``He’s been struggling a little bit and has been up and down,’’ said Van Gundy, whose Magic play next in Minnesota on Saturday night. ``The adjustments he’s had to make are the most severe (of the four players traded to the Magic in December). With Gilbert he’s coming off the bench and he’s playing point guard again, which he wasn’t doing as much in Washington with (John) Wall and (Kirk) Hinrich. And that’s the toughest position to play with a new team.

``So Gilbert’s adjustments and challenges have been far greater than that of Jason (Richardson) or (Hedo Turkoglu),’’ Van Gundy continued. ``Everybody has got to have some patience with him because it might just take a little longer.’’

Smith, a mentor and support of Arenas, has told him all he’s looking for is flashes of greatness from him as long as he is improving and getting himself for the playoff wars that await in April, May and June. Those positive flashes have come in games against San Antonio (14 points, nine assists) and Cleveland (22 points, 11 assists), but then there have been times where Arenas has chosen to blend rather than attack.

That has caught the attention of Magic superstar center Dwight Howard, who has pushed the point guard to come into game with more of a take-no-prisoners mentality. But Howard is aware that Arenas’ game has changed dramatically over the past three seasons when he’s been mostly inactive. Howard knows that Arenas’ adjustment to Orlando, as well as to being back in a primary role, is a work in progress. But Howard has made it clear that Arenas can’t just try to fit in on this Magic team. Because he has to shoulder so much of the load, Howard is looking for help in the form a dominant and dazzling Arenas.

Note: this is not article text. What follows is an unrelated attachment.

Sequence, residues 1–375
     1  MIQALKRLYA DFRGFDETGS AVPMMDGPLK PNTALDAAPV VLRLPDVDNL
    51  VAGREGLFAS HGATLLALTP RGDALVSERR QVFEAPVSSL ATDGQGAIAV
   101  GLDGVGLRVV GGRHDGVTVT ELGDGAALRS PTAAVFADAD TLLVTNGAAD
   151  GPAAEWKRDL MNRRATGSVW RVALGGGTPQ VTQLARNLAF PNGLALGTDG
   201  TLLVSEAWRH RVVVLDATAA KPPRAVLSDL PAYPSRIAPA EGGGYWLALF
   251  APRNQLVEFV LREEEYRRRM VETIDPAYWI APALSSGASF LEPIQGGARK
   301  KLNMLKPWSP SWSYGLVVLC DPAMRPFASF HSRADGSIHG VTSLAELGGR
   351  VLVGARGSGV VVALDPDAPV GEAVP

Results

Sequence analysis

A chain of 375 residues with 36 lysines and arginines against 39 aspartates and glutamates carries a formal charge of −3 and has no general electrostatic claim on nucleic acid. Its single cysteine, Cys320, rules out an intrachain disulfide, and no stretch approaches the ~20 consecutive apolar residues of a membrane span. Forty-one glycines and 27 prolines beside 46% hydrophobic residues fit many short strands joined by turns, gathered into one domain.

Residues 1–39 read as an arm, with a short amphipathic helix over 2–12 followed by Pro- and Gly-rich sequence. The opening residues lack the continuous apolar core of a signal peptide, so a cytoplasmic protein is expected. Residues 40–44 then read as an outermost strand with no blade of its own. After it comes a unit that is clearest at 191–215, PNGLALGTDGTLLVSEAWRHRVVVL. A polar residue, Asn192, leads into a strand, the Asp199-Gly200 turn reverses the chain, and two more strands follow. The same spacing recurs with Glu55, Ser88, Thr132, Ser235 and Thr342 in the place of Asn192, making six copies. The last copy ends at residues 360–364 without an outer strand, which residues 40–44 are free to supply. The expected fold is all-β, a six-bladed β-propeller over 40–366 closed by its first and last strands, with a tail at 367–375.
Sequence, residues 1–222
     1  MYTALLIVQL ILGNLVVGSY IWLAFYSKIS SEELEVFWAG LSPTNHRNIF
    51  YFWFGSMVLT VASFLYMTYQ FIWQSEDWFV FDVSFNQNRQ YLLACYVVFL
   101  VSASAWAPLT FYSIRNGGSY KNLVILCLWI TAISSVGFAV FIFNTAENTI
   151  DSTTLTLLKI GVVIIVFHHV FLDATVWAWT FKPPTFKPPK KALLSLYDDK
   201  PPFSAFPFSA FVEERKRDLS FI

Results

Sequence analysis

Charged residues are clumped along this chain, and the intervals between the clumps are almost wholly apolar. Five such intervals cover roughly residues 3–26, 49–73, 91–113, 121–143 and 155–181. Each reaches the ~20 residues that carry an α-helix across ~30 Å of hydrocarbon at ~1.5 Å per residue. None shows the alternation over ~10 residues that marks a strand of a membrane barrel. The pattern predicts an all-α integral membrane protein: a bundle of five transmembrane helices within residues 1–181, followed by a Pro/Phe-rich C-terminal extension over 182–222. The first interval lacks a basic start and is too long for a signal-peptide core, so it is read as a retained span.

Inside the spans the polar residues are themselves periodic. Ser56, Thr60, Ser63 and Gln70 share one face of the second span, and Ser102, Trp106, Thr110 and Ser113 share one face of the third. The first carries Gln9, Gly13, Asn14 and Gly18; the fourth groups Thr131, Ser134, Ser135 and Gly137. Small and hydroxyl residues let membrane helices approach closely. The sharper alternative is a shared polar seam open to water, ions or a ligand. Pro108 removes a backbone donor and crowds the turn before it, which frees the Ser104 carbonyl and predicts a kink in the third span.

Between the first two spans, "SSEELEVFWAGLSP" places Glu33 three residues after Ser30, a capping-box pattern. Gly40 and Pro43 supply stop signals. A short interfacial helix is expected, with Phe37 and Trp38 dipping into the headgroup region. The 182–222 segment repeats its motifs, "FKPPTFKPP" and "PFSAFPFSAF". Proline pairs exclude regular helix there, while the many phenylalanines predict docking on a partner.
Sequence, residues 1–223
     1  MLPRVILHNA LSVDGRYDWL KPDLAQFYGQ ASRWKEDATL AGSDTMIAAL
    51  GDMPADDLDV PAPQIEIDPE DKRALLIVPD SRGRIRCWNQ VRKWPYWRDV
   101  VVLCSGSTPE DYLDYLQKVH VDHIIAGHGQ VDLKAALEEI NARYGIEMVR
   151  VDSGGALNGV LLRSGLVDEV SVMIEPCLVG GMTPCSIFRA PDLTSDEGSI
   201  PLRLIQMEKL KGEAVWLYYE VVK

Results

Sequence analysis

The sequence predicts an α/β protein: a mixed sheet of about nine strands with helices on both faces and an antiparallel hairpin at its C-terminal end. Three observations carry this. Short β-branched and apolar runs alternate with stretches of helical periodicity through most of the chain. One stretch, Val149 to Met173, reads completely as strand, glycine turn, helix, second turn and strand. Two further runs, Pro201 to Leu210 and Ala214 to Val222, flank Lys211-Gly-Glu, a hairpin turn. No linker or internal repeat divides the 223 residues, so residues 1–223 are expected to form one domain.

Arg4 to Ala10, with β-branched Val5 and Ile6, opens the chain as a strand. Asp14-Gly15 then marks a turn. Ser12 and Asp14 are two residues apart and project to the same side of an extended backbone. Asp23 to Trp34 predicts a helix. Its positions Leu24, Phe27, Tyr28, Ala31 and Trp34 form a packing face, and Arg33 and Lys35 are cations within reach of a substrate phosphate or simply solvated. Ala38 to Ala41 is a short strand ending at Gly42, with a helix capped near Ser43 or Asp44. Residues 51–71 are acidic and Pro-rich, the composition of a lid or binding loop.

``I just need him to play and not focusing on fitting in, but doing what it takes to help our team to get better. He’s really just trying to get back used to playing after what he’s been through the last couple of years and we understand that,’’ Howard said. ``For us to be successful we need him and he knows that. He’s not really used to the way that we play and we can see that. We haven’t even been playing a month together, so it will come and we’ll learn each others’ games.’’

Much to his credit, Arenas has taken a team-first mentality. He brought energy and smiles to the Magic practice sessions with his driving the reserves – affectionately dubbed ``The Bench Mob’’ – to push the starters. And he’s used his effervescent personality to engage each player to try and learn their likes and dislikes on the fly.

But eventually Arenas knows it will be on him to try and turn back the clock to those good ol’ days and take over games once again.

``As aggressive as I used to be I really want to learn how everybody plays first before I start trying to find my own rhythm,’’ Arenas said. ``I was asking J.J. (Redick) the other night what plays he likes. He said, `If you are trying to get me the ball, call this play.’ Me figuring out how to get Ryan (Anderson) and other people the ball, it’s an adjustment for me.

``It’s easier for Turk because he already knows the offense and J-Rich because he’s just a shooter and he comes in and shoots the ball,’’ Arenas continued. ``But when you are a point guard you got to actually run the team and get yourself involved. But it’s not as hard as it seems because my only mindset when I come in is to push it and get shooters the ball. It will come for me, I know it and I’ll be attacking like my old self again.’’

John Denton writes for E-mail John at Submit a question to John for his mailbag segment at